Feeling Betrayed

Author: Steven Kull
Publisher: Brookings Institution Press
ISBN: 9780815705604
Size: 23.44 MB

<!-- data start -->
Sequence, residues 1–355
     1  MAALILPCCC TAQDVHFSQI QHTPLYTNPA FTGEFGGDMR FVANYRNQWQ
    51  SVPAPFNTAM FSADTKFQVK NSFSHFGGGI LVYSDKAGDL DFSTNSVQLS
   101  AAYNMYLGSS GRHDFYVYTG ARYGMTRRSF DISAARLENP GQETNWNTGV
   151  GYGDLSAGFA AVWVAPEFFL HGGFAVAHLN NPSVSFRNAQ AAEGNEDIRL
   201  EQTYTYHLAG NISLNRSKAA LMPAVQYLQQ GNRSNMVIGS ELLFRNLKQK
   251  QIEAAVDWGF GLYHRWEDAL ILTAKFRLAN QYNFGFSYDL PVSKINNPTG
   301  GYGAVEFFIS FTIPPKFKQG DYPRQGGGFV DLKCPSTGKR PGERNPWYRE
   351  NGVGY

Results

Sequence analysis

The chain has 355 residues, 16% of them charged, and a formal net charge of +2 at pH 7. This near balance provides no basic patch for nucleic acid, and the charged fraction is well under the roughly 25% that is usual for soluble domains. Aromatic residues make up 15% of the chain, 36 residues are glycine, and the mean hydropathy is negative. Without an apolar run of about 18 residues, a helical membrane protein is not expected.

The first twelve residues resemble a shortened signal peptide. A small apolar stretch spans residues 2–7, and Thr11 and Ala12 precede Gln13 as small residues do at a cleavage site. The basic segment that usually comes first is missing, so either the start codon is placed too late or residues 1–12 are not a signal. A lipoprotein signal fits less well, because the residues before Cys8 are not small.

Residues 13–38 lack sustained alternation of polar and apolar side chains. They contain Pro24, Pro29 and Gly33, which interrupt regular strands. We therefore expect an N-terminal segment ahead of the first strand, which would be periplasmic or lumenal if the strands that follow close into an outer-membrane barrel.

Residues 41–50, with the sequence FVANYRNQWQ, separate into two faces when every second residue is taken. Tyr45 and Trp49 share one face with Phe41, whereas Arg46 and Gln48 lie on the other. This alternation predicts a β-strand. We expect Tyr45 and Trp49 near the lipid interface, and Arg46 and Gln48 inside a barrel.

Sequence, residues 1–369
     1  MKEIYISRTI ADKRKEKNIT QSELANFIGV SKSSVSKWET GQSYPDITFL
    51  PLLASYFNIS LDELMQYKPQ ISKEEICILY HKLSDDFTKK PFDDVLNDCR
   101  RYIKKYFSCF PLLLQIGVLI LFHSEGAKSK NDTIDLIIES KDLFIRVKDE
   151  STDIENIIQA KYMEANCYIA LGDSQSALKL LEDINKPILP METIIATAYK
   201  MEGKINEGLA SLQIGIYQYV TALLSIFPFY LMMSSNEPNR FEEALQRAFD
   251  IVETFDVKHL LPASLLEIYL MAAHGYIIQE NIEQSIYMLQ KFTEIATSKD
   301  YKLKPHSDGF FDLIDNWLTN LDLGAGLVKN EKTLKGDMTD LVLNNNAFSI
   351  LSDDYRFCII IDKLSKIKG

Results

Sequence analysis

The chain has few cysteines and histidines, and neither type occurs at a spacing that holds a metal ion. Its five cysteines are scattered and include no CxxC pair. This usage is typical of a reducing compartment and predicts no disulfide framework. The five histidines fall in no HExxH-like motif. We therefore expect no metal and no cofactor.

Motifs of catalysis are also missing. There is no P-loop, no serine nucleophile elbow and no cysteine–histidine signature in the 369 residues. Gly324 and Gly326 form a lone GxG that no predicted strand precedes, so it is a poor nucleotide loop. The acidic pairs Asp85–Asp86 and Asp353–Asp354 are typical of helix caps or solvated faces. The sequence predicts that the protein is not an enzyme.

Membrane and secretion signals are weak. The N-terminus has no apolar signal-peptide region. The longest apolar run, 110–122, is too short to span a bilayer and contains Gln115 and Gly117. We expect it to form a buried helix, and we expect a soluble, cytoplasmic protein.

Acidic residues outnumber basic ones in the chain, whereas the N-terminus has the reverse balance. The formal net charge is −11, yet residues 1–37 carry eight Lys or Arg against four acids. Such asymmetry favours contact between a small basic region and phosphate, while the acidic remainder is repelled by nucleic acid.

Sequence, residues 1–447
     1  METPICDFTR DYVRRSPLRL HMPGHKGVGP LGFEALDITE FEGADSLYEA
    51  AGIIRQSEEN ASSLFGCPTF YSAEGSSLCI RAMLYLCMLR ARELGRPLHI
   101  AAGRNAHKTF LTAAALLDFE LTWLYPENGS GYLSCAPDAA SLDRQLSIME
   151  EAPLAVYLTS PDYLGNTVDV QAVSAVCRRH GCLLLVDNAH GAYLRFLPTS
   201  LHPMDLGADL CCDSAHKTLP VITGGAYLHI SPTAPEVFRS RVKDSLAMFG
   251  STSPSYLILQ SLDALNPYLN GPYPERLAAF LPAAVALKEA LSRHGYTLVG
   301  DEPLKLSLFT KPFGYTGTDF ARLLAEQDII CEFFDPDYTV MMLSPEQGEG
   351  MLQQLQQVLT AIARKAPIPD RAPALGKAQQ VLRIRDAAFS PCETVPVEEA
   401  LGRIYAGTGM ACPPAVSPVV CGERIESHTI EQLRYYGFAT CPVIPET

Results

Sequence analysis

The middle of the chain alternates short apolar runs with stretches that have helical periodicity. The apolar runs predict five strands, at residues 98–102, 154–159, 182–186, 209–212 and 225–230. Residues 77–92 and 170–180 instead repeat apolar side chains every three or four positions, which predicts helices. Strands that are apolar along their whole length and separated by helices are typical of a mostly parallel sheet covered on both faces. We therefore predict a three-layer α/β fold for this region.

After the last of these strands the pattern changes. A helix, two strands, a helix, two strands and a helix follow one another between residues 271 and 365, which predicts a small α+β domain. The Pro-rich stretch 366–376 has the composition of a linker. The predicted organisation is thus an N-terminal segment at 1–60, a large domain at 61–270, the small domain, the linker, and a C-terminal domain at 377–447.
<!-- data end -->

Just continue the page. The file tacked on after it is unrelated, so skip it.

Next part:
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Though it has been nearly a decade since the attacks of September 11, the threat of terrorism emanating from the Muslim world has not subsided. U.S. troops fight against radical Islamists overseas, and on a daily basis, Americans pass through body scanners as part of the effort to defend against another attack. Naturally, many Americans wonder what is occurring in Muslim society that breeds such hostility toward the United States. Steven Kull, a political psychologist and acknowledged authority on international public opinion, has sought to understand more deeply how Muslims see America. How widespread is hostility toward the United States in the Muslim world? And what are its roots? How much support is there for radical groups that attack Americans, and why? Kull conducted focus groups with representative samples in Egypt, Morocco, Pakistan, Jordan, Iran, and Indonesia; conducted numerous in-depth surveys in eleven majority-Muslim nations over a period of several years; and comprehensively analyzed data from other organizations such as Gallup, World Values Survey and the Arab Barometer. He writes: "A premise of this book is that the problem of terrorism does not simply lie in the small number of people who join terrorist organizations. Rather, the existence of terrorist organizations is a symptom of a tension in the larger society that finds a particularly virulent expression in certain individuals. The hostility toward the United States in the broader society plays a critical role in sustaining terrorist groups, even if most disapprove of those groups' tactics. The essential 'problem,' then, is one of America's relationship with the society as a whole." Through quotes from focus groups as well as survey data, Kull digs below the surface of Muslim anger at America to reveal the underlying narrative of America as oppressing— and at a deeper level, as having betrayed—the Muslim people. With the subtlety of a psychologist he shows how this anger is fed by an "inner clash of civilizations," between Muslims' desire to connect with America and all that it represents, and their fear that America will overwhelm and destroy their traditional Islamic culture. Finally, Kull maps out the implications of these findings for U.S. foreign policy, showing how many U.S. actions antagonize the larger Muslim population and help al Qaeda by improving their capacity for recruitment. He specifies steps that can mitigate Muslim hostility and draw on some of the underlying shared values that can support more respectful and, possibly, even amicable Muslim-American relations.